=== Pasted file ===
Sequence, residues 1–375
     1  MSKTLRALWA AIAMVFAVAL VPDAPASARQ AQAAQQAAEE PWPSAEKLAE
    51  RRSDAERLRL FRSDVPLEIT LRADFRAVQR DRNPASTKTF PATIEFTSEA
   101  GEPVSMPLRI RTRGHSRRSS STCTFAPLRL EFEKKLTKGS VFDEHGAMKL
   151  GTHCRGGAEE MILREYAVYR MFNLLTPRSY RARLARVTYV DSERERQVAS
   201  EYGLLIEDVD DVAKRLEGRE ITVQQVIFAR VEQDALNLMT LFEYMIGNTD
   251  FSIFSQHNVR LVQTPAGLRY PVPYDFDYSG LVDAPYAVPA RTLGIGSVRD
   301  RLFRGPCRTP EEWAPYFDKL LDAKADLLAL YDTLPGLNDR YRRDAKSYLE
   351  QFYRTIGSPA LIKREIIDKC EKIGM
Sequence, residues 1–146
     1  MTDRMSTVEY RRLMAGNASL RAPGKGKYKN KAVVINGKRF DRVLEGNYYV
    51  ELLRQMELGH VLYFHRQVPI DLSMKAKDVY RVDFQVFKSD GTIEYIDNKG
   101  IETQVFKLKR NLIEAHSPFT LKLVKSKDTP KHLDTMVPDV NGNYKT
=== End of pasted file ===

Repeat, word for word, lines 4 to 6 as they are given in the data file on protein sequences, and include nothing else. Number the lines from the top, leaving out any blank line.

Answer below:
   101  GEPVSMPLRI RTRGHSRRSS STCTFAPLRL EFEKKLTKGS VFDEHGAMKL
   151  GTHCRGGAEE MILREYAVYR MFNLLTPRSY RARLARVTYV DSERERQVAS
   201  EYGLLIEDVD DVAKRLEGRE ITVQQVIFAR VEQDALNLMT LFEYMIGNTD